by Kay Helbling

“For Your Information”, “As Soon As Possible”. Admit it, we’ve all been using shorthand in our communications for years. But, in the world of instant messaging or text messaging, there’s a whole new language that’s spoken. As parents we can feel technology leaving us in the dust. We are losing touch and that can be a bit unsettling.

We know our children can be connecting with strangers daily through Weblogs, Facebooks, or MySpace. Each of these has their own danger zones that need to be met head-on by parents. But, there’s also the communications that happen hourly between your children and their friends. I’m talking about messaging.

A recent study showed that students who spend more time text messaging than they do on homework lose an entire letter grade in knowledge. We have to curb the amount of use, but it’s also a good idea to periodically check what’s being said. Unfortunately, there is an underground text language so most of us wouldn’t understand what they’re saying. Knowing just a bit of the “code” can give us at least enough information to send up any red flags that may need to be raised.

For example, there’s the language of drugs & drinking. 420 means “let’s get high” or “marijuana”; there’s IGHT for “I got high tonight”; BIBO is “beer in, beer out”; and E is “Ecstasy”.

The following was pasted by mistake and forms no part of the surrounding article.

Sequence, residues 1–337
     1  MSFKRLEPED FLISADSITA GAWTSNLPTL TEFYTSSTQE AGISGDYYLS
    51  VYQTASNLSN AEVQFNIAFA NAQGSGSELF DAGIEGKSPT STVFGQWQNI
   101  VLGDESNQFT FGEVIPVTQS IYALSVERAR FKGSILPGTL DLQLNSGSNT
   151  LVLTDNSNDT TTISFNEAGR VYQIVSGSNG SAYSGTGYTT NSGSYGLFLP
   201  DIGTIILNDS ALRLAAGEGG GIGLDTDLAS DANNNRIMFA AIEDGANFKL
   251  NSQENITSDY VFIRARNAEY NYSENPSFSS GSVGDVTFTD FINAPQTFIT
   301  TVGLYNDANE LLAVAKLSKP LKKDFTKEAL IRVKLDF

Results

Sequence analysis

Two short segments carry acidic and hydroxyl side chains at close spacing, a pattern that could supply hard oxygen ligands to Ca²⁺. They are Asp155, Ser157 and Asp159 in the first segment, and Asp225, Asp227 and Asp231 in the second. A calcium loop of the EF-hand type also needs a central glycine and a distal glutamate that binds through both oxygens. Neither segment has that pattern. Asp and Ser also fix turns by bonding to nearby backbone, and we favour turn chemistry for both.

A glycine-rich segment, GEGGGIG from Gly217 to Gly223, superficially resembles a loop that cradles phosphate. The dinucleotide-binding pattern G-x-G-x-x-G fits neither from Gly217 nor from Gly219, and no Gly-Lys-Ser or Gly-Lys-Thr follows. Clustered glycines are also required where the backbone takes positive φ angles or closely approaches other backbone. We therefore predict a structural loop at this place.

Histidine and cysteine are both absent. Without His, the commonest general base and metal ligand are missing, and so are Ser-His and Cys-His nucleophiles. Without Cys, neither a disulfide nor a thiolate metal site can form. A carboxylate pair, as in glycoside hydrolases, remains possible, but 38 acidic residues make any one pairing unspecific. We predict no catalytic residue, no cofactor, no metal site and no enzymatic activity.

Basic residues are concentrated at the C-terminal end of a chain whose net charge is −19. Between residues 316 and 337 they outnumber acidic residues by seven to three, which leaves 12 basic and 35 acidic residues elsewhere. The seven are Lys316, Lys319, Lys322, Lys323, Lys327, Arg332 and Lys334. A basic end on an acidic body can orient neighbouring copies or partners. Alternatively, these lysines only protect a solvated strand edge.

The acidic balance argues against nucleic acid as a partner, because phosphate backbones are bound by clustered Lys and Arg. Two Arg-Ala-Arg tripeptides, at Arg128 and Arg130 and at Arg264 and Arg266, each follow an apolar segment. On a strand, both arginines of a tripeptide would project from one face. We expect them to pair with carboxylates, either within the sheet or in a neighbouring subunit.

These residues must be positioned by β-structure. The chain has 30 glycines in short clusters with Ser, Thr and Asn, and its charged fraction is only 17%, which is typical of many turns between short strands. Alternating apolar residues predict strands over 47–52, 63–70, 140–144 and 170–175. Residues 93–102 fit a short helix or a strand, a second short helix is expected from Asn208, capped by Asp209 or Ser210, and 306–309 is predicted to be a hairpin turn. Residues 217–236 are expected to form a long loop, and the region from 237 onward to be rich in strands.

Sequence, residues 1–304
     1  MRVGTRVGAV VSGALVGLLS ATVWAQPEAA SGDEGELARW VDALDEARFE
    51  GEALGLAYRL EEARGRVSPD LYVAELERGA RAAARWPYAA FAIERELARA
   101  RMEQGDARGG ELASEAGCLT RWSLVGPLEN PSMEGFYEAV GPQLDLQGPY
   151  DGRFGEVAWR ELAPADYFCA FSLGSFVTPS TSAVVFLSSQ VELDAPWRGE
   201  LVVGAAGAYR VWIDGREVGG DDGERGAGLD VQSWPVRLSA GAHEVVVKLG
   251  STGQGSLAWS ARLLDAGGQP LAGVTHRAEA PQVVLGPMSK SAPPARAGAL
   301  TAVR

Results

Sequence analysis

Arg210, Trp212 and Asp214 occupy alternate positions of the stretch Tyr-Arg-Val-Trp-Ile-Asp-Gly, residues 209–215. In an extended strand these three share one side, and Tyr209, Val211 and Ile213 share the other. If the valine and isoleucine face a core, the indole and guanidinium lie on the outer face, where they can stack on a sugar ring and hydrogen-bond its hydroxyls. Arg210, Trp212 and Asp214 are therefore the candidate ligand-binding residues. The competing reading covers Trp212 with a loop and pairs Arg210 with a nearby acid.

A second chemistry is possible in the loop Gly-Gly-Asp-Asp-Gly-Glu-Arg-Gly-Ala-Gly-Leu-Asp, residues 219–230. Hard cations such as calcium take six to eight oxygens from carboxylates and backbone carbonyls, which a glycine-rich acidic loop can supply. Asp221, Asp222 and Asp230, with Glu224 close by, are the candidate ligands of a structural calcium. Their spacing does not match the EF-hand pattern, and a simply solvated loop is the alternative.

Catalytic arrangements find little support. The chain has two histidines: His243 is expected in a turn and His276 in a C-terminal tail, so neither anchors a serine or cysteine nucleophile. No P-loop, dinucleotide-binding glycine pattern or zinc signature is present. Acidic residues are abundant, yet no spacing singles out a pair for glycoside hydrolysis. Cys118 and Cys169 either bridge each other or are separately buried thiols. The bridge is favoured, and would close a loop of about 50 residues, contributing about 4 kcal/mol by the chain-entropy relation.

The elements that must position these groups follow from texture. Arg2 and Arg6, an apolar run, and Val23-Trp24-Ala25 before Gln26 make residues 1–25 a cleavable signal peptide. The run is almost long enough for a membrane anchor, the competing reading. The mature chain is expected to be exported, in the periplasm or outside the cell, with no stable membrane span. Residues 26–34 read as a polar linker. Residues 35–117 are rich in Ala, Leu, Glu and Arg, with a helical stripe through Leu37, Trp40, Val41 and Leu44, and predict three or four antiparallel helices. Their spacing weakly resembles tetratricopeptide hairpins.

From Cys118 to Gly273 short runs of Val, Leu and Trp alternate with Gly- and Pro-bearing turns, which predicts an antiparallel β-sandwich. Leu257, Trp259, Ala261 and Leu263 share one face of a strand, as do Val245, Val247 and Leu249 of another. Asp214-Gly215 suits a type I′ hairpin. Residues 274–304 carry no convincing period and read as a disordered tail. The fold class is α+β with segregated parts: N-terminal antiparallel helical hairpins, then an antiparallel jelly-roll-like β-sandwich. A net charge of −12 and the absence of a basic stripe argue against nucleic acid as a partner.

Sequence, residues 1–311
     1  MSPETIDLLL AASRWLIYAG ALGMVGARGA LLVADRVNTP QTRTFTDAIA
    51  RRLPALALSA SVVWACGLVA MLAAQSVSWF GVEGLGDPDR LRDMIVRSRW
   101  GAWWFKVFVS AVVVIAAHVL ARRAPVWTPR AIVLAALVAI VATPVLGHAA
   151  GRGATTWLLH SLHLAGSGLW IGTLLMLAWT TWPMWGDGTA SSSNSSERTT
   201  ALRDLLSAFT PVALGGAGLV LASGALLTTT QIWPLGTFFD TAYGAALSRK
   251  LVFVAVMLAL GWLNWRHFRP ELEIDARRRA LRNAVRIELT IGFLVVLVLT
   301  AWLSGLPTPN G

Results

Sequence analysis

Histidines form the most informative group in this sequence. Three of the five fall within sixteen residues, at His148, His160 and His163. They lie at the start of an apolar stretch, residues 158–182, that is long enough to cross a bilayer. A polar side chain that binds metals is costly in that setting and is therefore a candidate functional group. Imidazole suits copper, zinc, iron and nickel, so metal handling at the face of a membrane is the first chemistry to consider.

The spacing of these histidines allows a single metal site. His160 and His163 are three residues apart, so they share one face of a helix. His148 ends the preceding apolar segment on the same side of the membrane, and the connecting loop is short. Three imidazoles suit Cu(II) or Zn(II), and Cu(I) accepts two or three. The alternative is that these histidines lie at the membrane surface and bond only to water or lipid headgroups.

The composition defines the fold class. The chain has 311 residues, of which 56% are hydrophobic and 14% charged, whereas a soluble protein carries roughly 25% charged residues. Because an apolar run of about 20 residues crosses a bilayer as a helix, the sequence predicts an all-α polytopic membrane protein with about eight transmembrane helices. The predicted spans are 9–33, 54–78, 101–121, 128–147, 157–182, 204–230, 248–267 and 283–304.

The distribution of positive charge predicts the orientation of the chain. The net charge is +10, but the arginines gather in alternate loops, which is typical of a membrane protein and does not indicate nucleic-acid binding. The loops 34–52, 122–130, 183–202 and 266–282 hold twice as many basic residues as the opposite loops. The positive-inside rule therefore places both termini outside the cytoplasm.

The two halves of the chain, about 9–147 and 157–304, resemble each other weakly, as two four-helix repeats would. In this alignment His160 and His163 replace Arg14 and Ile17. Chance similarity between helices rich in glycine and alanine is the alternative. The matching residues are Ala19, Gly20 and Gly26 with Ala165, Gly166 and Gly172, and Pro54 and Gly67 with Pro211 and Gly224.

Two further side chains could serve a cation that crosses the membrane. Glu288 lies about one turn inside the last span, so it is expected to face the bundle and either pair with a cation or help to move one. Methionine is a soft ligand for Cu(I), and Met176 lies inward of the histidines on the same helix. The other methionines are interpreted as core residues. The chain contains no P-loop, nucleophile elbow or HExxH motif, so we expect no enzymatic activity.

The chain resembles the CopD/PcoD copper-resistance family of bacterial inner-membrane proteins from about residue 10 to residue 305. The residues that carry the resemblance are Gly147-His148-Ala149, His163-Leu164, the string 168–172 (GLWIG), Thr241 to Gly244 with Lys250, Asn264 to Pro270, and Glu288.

There’s the language of relationships. MOOS “member of the opposite sex”; BF or BOYF “boy friend”; LH6 or LHSX “let’s have sex”; NIFOC “naked in front of computer”;  PRON “pornography”; TDTM “talk dirty to me”; URH “you are hot”; or here’s a scary one, LMIRL “let’s meet in real life”.

And, there’s the language on parents. CD9 or 9 means “parent is watching”; MOS “mother over shoulder”; P911 or PSOS mean “parents coming into room alert”; or PAW “parents are watching”.

Thankfully the majority of parents have kids who don’t have those sorts of conversations. For them, they can use the new text language to have some fun. Every once in awhile I’ll slip one into a message to my sons— just to see if they respond to the lingo. I love it when they have to ask for a translation. (It never hurts to let them think we are still one step ahead of the game.)

Try these: a simple “?” to let them know you don’t understand; “20” for location; 2G2BT (to good to be true), or if they do/say something great give them a  “^5”  (high-five). They’ll be ROTFLUTS (rolling on floor laughing and unable to speak);

Of course, as moms we can’t miss the opportunity to simply be moms: TAU (thinking about you); TAUMUALU (thinking about you, miss you, always love you), T+ (think positive); T:)T (think happy thoughts), and of course… ST&D (stop texting and drive)!

Now, won’t you look at your cell phone just a little differently?
BOL (best of luck)!

Kay was an insurance adjuster and executive for 15 years, a small business owner and a teacher for 10. But, her most fulfilling work has been as a mother of her two boys. She is now looking forward to an empty nest with her best friend—her husband.

Disclaimer: Articles featured on Oregon Report are the creation, responsibility and opinion of the authoring individual or organization which is featured at the top of every article.